The book is the brainchild of editor Michelle Vosper, an American who ran the Hong Kong chapter of the Asian Cultural Council (ACC) for 25 years. ACC is one of the most important arts bodies in the region, and when I worked as a young arts writer at the South China Morning Post newspaper, I would continually keep my eye on their work. They had an uncanny ability to spot the most interesting young artists from Greater China and send them to New York for residencies. In 2014, Michelle reached out to see if I would join 11 other writers and contribute three chapters to the book she was creating. It would be telling the stories of some of China’s most trailblazing female creative icons—from the eminent writer Nieh Hualing (聶華苓), to dance pioneer Yang Meiqi (楊美琦) and contemporary artists Yin Xiuzhen (尹秀珍) and Lulu Hou (侯淑姿)—in English for the first time.
I spent that year deep in Skype interviews with the young Hong Kong playwright Candace Chong (莊梅岩), the veteran installation artist Choi Yan Chi (蔡仞姿), and the dynamic visual artist Jaffa Lam (林嵐). It was a chance to study the collective memories of Hong Kong and each woman’s creative practices. As I’ve been poring over the final text of the book this winter, I have been utterly moved to read these histories—or perhaps I should say, “herstories”—and how three generations of history can be startlingly revealed through the prism of individual experience.
Of all the book reviews that have so far come in, these words from the American poet Christopher Merrill, director of the International Writing Program at the University of Iowa, seems to crystallize the unusual power behind this book. He calls it: “An indispensable resource for anyone seeking to understand the dynamism underpinning what some are calling the Chinese Century. In these portraits of sixteen extraordinary women, whose achievements in art, dance, literature, music, and theater have profoundly shaped contemporary aesthetic, cultural, and social discourses, we glimpse worlds upon worlds, any one of which may change the very ways in which we make meaning of our time on earth. This is a treasure.”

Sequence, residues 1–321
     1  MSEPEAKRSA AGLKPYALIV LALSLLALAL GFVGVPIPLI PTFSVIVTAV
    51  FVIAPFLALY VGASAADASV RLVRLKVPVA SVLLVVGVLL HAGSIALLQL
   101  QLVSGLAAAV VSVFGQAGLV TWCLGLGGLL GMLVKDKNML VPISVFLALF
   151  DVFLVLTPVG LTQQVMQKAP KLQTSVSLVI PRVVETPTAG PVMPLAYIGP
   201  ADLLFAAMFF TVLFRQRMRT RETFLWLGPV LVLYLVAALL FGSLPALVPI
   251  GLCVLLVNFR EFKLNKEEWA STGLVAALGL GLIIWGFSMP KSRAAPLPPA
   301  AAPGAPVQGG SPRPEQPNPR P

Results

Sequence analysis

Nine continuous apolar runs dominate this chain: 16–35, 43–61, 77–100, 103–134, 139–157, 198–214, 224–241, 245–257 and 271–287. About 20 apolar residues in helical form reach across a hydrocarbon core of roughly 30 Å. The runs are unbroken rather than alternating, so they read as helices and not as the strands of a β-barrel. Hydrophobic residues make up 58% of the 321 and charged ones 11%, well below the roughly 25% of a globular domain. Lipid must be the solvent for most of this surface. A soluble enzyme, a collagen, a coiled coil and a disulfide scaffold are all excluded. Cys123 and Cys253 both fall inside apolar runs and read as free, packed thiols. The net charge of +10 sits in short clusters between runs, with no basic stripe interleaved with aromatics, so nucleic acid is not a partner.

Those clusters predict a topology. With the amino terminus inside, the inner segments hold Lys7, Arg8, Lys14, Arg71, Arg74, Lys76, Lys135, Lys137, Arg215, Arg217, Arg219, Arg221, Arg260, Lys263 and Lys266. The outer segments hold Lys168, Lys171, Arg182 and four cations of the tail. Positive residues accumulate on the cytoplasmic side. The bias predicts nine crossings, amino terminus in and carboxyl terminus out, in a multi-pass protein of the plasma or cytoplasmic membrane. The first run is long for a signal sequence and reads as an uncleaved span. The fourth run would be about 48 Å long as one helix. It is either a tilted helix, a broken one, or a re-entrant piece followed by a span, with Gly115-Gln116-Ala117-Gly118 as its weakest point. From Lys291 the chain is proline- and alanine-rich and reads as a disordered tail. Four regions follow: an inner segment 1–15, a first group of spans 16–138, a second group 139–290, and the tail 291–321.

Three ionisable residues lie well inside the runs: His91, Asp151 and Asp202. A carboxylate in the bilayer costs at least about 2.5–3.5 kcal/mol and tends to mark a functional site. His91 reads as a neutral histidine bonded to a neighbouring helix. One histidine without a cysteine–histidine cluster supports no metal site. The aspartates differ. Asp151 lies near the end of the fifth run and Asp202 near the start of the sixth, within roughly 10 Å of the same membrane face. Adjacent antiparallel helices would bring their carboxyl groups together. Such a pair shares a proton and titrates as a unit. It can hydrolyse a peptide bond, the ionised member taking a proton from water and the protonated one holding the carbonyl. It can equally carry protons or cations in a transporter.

American readers can expect to purchase the book through Columbia University Press after its U.S. launch in June.
By Clare Tyrrell-Morin, writer and editor with a focus on cross-cultural shifts and cultural hybridity, currently living in Freeport, Maine.
You may also hear Clare discussing this book on Ba Yin Box, the Chinese music show on WMPG/90.9FM, on Monday, March 13, 10:30-noon. The show will sample music by artists featured in the book.
Eve of a Hundred Midnights
- Wednesday, March 8, 2017; 6 pm
- Maine College of Art, PhotoLab
- Free and open to public
Author Bill Lascher offered a talk and book signing to discuss his book, Eve of a Hundred Midnights. It’s the story of a pair of newly married journalists who covered conflicts in China and the Philippines during World War II. Lascher is from “the other Portland,” in Oregon, but he attended the Salt Institute for Documentary Studies (in the real Portland), graduating in 2002.
Golden Dragon Acrobats
- Thursday, April 6, 2017; 7 pm
- Merrill Auditorium, Portland
- Tickets: $32, $40, $46; students $15.
- CAFAM members receive a discounted price of $15 by entering the code “Residency” at the box office or by phone: (207) 842-0800.
School-Time Performance (Recommended for Gr. 3-12):
- Thursday, April 6, 2017; 10 am
- Merrill Auditorium, Portland
- Tickets: $8.50 performance only; $13 performance & in-class workshop
The Golden Dragon Acrobats present award-winning acrobatics, traditional dance, spectacular costumes, ancient and contemporary music and theatrical techniques.
CAFAM Lecture Series
- In the works: A talk by a Chinese artist to share knowledge of traditional and contemporary Chinese art
- Please look for upcoming email with more details
CAFAM is continuing to plan and present lectures by a variety of speakers throughout the year, from academicians to artists to others whose work is related to Chinese culture and issues.
Chinese New Year Celebration
Something to Crow About!
The Chinese New Year celebration at the Westbrook Performing Arts Center was a big success, much thanks to a whole team of organizers, volunteers and students. We rang in the Year of the Rooster with the wonderful Chinese School dance students, lion dancers, a variety of arts & crafts, including calligraphy “couplets,” delicious food from Panda Garden as well as dumplings and tang yuan rice balls, vendors, and long list of speakers presenting topics ranging from tea to travel to Chinese pop music to U.S.-China relations.